Session Summary Understanding Consumer Decision Processes Using Verbalization Data: Substantive and Methodological Perspectives

Gabriel Biehal, University of Maryland
Dipankar Chakravarti, University of Arizona
[ to cite ]:
Gabriel Biehal and Dipankar Chakravarti (1995) ,"Session Summary Understanding Consumer Decision Processes Using Verbalization Data: Substantive and Methodological Perspectives", in NA - Advances in Consumer Research Volume 22, eds. Frank R. Kardes and Mita Sujan, Provo, UT : Association for Consumer Research, Pages: 269-270.

Advances in Consumer Research Volume 22, 1995      Pages 269-270



Gabriel Biehal, University of Maryland

Dipankar Chakravarti, University of Arizona

Thought verbalization data are used extensively in consumer decision process research (Bettman and Park 1980; Bettman, Johnson and Payne 1990; Biehal and Chakravarti 1986) and researchers have developed various methods for collecting such data. Many researchers use retrospective protocols which require that subjects recount a prior decision episode verbally or in writing. Others ask subjects for introspective reports, i.e., verbalized thoughts about the reasons for current/past decisions. Still others use concurrent verbal protocols (verbalization simultaneous with task performance).

There is controversy about the validity of verbal protocol data. Since verbalization places demands on subjects' mental capabilities, it may distort underlying processes. Some psychologists (Nisbett and Wilson 1977) dismiss retrospective protocols as introspectional data of limited value. Others (e.g., Ericsson and Simon 1984) provide empirically-based rebuttals, mainly regarding the validity of concurrent protocols. Recent research shows that even concurrent verbalizing may subtly influence consumer decision processes (Biehal and Chakravarti 1989; Russo, Johnson and Stephens 1989). Hence, the strengths and weaknesses of various thought verbalization methodologies deserved more examination.

Session Overview

This session included three presentations that used different verbalization methods and contexts to study substantive consumer decision making issues. The first (Shah, Gilbert and Park) explored how introspection and concurrent verbalization may not only influence framing, processing and memory representations in the focal task, but also in subsequent tasks. In the second, Bhoovaraghava and Mitchell showed how retrospective and concurrent protocols along with process tracing data can provide converging evidence on base rate information use in consumer decisions. Kuusela, Ahtola and Chakravarti examined how self-perceived and actual knowledge influence decision framing and processing as well as choice times and outcomes. They showed how concurrent verbalization data can link task performance to process variables, noting that concurrent verbalization may create differential demand characteristics for low versus high knowledge (both actual and self-perceived) subjects. The discussant, Eric Johnson, provided a summary of the strengths and limitations of verbalization methods.

The Shah, Gilbert and Park Presentation

Reshma Shah, Robert Gilbert and C.W. Park (Pittsburgh) presented, "The Impact of Concurrent Verbal Protocols on Encoding and Retrieval." They reiterated the controversy about the validity of protocol data, noting recent research showing (a) that concurrent verbalization can interfere with information processing, memory and problem solving because it draws on limited attentional capacity (Biehal and Chakravarti 1989; Schooler and Schooler 1990; Schooler, Ohlsson and Brooks 1994); and (b) that introspection (through verbalization) can lower the quality of decisions and attenuate satisfaction with choices (Wilson and Schooler 1991; Wilson et al 1994). They also noted that verbal overshadowing (verbal disruption of non-verbal processes) may impair problem solving and learning (Fallshore and Schooler 1993).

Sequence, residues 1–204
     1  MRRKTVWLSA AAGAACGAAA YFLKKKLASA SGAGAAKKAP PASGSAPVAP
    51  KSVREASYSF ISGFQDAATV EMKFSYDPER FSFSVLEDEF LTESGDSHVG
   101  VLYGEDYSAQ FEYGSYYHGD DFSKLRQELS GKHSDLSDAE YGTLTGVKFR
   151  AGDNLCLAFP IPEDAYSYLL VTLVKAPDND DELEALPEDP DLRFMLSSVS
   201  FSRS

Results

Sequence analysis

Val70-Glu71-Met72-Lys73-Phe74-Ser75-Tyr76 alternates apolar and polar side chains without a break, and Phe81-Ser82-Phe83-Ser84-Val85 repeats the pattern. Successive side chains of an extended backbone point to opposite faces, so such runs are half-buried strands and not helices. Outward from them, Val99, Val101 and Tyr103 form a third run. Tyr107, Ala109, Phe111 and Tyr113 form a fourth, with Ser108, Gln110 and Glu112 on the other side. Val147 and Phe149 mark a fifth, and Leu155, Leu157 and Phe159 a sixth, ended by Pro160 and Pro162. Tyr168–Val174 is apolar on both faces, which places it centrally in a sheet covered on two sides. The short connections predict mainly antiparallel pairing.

The authors pointed out that whether concurrent verbal protocols facilitate or inhibit information processing may depend upon the task. Verbalization may induce more analytical processing relative to nonverbalizing conditions in which consumers may process more holistically. Due to greater analytical processing, verbalizing subjects should find technical, functional and utilitarian product attributes more salient and important in choice. Moreover, analytical processing should lower recall and recognition and also reduce liking and satisfaction with the task and the choice. In contrast, the absence of verbalization should generate more holistic processing. Hence, such subjects should deem artistic, aesthetic and luxurious product attributes as more salient and important. Moreover, recall and recognition should be facilitated and these subjects should exhibit greater liking and satisfaction with their choices and the task. Verbalization should also facilitate problem framing strategies and thus influence encoding/retrieval processes in subsequent tasks.

The empirical study considered the impact of concurrent verbalization instructions on consumer decision making in two sequential choice tasks. In Task 1, subjects made choices from among four homes, based upon pictures and descriptions of their location/surroundings and other features. Some subjects verbalized their choice process, whereas others did not. Following choice, measures were taken of recall, recognition, liking, satisfaction, attribute importance, and processing style. In Task 2, subjects once again chose from among a set of homes. Measures were taken to investigate the differential impact of verbalization on problem framing and subsequent decision making. The authors discussed the implications of the findings for the use of concurrent verbalization data in the study of consumer decisions.